Does your home have carbon monoxide monitors? If not, you and your family are genuinely at risk. Carbon monoxide is known as a “silent killer,” and tens of thousands of homeowners are poisoned by it – or die – in their own homes. Fortunately, carbon monoxide is easy to detect, and a professional carbon monoxide alarm installation company can help ensure proper placement of the detectors.
Why is carbon monoxide so dangerous?
Carbon monoxide (also abbreviated as CO) is a common gas with many. Exposure to small amounts of CO is not harmful, but over time it builds up in the bloodstream, preventing your blood from carrying the oxygen you need to survive. The more CO a person breathes, the worse the poisoning becomes until their bodies are unable to process enough oxygen to keep going.
What makes CO so deadly is that it is colorless and odorless and mixes readily with the air in homes. In other words, if there is CO in your air, you will be breathing it without even knowing it.
What are the symptoms of carbon monoxide poisoning?
The most common symptoms are dizziness, headaches, shortness of breath, nausea, confusion or other mental disorientation, or fainting. If anyone in your family shows these symptoms, they should be immediately relocated outside to fresh air. If the symptoms then clear up quickly, that’s a sure sign that there’s a major CO leak in your home.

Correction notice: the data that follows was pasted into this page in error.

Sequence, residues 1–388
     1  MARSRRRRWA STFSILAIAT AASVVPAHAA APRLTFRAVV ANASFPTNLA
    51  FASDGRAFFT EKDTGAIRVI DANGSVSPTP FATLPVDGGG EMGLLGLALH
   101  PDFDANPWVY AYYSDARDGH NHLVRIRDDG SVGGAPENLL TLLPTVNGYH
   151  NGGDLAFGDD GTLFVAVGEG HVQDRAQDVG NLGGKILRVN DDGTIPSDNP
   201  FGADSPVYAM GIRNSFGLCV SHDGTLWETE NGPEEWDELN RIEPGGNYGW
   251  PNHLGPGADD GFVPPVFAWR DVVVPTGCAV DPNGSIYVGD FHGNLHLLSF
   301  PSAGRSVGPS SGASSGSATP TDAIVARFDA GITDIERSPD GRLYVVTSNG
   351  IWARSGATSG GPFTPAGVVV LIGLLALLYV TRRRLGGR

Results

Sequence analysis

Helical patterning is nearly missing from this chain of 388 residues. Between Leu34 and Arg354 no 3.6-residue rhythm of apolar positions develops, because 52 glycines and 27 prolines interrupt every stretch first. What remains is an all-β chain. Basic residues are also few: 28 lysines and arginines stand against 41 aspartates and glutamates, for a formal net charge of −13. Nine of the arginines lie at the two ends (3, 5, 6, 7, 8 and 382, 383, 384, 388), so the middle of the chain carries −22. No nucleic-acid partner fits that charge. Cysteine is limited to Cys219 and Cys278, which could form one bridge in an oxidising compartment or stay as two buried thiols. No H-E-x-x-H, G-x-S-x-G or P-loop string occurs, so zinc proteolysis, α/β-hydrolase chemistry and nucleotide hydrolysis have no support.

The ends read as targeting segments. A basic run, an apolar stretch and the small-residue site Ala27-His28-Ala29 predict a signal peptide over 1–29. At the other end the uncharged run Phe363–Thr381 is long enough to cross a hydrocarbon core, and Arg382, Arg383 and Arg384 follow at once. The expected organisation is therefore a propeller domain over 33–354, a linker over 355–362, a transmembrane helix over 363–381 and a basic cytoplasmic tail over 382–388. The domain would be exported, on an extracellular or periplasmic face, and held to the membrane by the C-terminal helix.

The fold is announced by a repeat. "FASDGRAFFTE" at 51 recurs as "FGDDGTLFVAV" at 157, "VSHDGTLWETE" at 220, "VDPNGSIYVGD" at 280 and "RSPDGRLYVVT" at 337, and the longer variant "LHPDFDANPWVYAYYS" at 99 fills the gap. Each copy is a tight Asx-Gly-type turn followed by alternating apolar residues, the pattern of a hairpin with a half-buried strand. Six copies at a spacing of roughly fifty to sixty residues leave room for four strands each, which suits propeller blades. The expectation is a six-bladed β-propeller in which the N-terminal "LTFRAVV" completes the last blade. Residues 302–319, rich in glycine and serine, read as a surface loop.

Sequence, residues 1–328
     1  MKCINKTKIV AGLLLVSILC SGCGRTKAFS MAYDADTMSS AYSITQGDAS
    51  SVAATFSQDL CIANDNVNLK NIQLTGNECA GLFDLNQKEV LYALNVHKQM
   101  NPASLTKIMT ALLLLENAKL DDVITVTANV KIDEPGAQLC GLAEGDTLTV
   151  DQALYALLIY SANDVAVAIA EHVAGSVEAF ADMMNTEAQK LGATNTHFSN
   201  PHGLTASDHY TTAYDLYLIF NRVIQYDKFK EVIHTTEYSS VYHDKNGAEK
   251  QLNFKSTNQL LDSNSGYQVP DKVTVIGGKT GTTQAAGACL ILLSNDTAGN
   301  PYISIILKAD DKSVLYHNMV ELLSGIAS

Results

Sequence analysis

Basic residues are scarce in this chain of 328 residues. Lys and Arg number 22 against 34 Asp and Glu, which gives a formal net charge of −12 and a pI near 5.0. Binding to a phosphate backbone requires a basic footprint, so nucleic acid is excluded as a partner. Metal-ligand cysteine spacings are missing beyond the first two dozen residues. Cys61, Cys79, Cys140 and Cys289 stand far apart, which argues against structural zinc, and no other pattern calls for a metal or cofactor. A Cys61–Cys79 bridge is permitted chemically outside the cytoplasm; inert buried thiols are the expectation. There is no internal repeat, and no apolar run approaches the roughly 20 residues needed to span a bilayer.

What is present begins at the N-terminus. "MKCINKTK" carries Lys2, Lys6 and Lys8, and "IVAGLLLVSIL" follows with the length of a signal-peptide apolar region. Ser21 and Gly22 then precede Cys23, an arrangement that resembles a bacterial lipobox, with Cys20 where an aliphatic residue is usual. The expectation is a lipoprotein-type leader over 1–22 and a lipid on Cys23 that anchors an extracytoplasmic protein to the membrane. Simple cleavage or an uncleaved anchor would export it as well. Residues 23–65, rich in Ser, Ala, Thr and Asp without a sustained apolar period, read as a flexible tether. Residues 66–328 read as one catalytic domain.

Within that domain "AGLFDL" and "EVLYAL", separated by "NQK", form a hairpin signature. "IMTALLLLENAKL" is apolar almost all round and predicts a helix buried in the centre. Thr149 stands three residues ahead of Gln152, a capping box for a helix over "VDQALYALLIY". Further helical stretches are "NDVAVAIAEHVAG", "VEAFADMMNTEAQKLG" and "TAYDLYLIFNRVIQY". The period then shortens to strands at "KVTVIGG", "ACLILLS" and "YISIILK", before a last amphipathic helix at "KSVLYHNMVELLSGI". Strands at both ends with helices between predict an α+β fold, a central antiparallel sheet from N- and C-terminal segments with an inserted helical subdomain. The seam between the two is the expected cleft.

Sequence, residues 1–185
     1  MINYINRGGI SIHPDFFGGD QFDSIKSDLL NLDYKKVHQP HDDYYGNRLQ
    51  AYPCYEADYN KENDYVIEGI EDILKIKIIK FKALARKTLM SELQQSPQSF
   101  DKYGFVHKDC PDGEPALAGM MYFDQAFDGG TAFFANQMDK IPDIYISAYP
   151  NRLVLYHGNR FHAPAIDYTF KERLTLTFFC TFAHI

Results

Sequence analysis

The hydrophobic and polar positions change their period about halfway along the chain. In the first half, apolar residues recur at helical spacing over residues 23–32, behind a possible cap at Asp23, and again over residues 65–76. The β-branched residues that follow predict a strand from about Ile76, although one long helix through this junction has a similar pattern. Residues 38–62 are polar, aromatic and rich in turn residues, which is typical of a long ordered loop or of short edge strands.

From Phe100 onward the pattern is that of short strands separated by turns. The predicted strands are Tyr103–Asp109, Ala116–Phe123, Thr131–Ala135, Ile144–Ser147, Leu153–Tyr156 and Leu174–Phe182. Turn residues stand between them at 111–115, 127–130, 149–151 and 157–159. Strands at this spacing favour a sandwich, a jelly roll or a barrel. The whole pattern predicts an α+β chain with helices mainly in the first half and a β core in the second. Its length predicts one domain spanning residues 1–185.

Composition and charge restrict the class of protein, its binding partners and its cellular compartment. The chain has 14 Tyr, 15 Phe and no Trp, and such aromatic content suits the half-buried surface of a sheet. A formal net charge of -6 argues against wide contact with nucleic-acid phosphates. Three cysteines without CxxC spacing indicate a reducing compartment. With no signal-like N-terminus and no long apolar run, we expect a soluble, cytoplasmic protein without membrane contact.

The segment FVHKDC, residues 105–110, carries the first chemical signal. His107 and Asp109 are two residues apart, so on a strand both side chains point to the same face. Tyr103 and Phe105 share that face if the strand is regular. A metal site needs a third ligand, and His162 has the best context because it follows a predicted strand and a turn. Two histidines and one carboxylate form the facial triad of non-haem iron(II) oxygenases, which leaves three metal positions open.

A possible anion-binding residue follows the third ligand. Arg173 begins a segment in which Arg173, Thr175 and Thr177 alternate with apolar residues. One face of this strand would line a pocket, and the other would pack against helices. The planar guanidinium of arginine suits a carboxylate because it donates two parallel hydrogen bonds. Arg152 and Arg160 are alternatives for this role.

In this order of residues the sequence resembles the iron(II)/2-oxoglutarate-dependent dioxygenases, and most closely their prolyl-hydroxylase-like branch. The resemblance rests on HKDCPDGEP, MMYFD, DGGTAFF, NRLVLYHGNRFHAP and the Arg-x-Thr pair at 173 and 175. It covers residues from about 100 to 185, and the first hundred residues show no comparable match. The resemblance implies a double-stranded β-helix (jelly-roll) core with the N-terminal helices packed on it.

Then you should contact a doctor for further advice and treatment.
How does carbon monoxide get into a home?
There are numerous sources for CO within a typical home, including:
- Wood stoves or fireplaces
- Charcoal or gas barbeques
- Catalytic chemical heaters
- Heaters running on natural gas or kerosene
- Any devices powered by gasoline or diesel, such as generators or pumps
- Non-electric motor vehicles
In particular, it’s important to never leave a gasoline vehicle running in the garage with the door down. Car exhaust contains high levels of CO, and with the door closed it can quickly build up to dangerous levels.
How does carbon monoxide alarm installation help?
CO alarms work just like smoke alarms – they sit passively but are triggered whenever they detect a dangerous level of carbon monoxide. When placed near common sources of CO, they can truly save lives.